It is commonly referred to as birch sugar and is designated E967 in food products. In nature, it occurs naturally, apart from birch bark, in fruits such as raspberries and plums, but is extracted on a mass scale from maize. It exhibits the most beneficial properties of all polyols. The degree of sweetness is comparable to traditional sugar, but xylitol provides about 40% fewer calories than regular sugar – 240 kcal/100 g. At high doses, above 35 grams, it can have a laxative effect. It is used in the manufacture of pastes and gums because of its antibacterial and antifungal properties.

Erythritol – better than xylitol?

Erythritol is the other common sugar substitute with the symbol E968. It is extracted chemically for food purposes, while it occurs naturally mainly in fermented foods and some fruits. It has a zero glycaemic index, so is recommended for diabetics and people struggling with insulin resistance. It has about 20-40% less sweetness than regular sugar, so you usually need to use a little more of it. When consumed in excessive amounts, it can contribute to intestinal discomfort.

Sorbitol – low glycaemic index

It is found naturally in fruit and vegetables, and is most abundant in prunes. In the food industry it is used as a stabiliser, humectant and also as a preservative and is found under the symbol E420. The sweetness of sorbitol is approximately 30-40% less than that of sucrose, and it has a glycaemic index of 9, making it suitable for diabetics. Its use in excess may contribute to the development of diabetic nephropathy and reduce kidney function.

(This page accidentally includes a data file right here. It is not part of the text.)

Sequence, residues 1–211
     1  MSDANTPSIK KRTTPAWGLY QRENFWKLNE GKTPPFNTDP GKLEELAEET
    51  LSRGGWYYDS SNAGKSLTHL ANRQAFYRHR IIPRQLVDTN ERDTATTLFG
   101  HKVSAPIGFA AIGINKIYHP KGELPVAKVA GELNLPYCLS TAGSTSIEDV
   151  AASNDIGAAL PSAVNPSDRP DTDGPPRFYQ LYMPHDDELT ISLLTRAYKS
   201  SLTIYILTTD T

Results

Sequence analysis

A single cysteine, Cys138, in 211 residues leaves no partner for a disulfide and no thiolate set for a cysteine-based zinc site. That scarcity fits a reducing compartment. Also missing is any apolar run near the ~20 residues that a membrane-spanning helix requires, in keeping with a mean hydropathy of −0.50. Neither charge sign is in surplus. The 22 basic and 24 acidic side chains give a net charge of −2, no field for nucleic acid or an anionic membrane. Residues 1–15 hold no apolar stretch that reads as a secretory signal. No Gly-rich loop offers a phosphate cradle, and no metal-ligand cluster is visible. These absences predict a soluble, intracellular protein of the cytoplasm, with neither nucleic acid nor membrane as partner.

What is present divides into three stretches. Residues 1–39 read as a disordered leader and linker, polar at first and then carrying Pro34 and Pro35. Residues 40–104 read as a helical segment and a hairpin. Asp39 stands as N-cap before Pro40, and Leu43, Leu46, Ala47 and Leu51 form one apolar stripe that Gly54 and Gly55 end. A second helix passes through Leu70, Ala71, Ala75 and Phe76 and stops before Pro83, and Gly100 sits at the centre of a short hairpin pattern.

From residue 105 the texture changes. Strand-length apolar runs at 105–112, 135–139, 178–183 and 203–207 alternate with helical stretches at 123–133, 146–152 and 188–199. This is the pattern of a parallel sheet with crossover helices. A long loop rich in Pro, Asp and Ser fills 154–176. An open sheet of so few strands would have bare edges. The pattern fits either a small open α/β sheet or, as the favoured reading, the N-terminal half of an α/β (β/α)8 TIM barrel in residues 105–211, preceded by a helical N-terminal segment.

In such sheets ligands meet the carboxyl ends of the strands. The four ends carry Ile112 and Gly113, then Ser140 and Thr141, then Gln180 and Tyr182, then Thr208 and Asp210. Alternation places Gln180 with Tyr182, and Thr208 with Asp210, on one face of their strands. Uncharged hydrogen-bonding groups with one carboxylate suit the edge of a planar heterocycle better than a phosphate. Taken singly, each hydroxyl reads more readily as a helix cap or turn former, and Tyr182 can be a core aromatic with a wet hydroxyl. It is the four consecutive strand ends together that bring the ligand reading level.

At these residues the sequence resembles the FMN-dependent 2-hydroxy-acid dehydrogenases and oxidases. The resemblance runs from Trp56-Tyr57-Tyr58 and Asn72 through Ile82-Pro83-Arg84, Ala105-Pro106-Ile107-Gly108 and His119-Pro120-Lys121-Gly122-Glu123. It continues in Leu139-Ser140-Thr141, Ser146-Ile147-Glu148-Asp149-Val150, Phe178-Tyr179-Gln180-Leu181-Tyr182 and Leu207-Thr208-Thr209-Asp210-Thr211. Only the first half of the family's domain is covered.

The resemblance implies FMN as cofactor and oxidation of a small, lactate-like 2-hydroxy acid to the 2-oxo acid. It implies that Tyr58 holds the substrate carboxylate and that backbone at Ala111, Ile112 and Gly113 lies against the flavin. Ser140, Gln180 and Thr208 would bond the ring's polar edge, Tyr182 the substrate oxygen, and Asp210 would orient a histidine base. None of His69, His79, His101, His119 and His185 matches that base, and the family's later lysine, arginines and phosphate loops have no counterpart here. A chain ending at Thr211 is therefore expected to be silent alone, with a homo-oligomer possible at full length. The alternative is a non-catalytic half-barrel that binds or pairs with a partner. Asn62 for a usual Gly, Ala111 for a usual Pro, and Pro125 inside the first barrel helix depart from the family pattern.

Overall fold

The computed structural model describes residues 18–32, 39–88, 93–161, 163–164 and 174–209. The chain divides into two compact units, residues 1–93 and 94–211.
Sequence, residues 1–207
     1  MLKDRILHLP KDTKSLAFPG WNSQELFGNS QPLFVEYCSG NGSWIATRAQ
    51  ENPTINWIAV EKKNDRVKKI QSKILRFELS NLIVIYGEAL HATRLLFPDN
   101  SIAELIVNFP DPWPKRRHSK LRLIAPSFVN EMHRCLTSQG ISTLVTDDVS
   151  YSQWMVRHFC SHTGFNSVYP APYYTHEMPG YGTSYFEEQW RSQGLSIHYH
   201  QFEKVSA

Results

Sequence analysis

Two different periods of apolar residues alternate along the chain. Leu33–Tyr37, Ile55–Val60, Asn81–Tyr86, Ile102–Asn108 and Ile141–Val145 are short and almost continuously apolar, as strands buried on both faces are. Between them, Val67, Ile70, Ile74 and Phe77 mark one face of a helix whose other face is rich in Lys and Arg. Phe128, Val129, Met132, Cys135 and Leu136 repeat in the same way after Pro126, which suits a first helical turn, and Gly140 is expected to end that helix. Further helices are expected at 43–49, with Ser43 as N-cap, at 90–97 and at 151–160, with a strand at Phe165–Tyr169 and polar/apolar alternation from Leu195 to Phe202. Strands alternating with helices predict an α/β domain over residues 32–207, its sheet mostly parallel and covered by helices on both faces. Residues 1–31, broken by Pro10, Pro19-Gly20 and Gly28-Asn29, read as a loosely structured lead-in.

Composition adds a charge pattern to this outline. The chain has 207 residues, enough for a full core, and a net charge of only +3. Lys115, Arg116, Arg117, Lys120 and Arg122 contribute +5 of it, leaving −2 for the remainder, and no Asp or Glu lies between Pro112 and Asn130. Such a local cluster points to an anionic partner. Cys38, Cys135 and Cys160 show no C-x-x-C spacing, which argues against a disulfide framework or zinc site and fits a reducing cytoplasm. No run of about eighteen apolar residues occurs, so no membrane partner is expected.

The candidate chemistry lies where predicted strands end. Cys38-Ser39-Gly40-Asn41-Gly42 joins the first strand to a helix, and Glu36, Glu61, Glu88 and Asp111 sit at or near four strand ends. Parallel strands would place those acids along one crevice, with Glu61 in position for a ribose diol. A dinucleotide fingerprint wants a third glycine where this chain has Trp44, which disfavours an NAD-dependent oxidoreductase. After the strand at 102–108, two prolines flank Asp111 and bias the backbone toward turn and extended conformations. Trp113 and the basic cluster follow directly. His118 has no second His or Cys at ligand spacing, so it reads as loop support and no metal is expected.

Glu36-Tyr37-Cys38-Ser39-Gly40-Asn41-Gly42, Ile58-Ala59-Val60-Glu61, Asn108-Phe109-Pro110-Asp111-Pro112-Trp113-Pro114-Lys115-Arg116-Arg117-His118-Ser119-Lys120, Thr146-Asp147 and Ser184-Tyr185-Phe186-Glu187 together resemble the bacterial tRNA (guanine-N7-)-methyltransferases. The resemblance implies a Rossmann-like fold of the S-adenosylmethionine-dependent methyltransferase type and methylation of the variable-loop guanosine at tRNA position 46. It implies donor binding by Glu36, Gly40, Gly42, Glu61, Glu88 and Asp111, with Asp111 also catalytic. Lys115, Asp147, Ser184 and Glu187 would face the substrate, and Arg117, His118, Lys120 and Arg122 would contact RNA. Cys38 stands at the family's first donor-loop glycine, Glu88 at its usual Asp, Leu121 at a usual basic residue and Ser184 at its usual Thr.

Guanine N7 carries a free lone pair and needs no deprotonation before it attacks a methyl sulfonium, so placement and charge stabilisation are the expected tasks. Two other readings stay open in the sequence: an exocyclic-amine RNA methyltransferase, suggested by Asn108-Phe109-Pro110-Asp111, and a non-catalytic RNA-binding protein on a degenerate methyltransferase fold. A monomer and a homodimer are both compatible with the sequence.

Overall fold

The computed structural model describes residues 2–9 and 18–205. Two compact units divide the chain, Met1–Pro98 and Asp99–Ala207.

Maltitol – naturally occurring in food

It is referred to as E965 in food products, but occurs naturally in plants such as figs, olives and maize. Its glycaemic index is slightly higher than that of other sugar substitutes, at 35. The calorific value of maltitol varies between 270 and 300 per 100 g of product. It is mainly used in the production of chewing gum, ice cream or glazes.

Mannitol – the medical side of sugar alcohols

The last of the sugar alcohols discussed is mannitol, bearing the symbol E421. It has an energy value of 150 kcal per 100 grams and a glycaemic index of 0. But this is not why it is so popular in medicine – its use is linked to the fact that it has diuretic or, simply put, diuretic properties. It is therefore readily used in the treatment of kidney failure, as well as in cleansing the body of toxins by increasing fluid exchange. Research is also underway into the use of this compound in increasing the effectiveness of chemotherapy.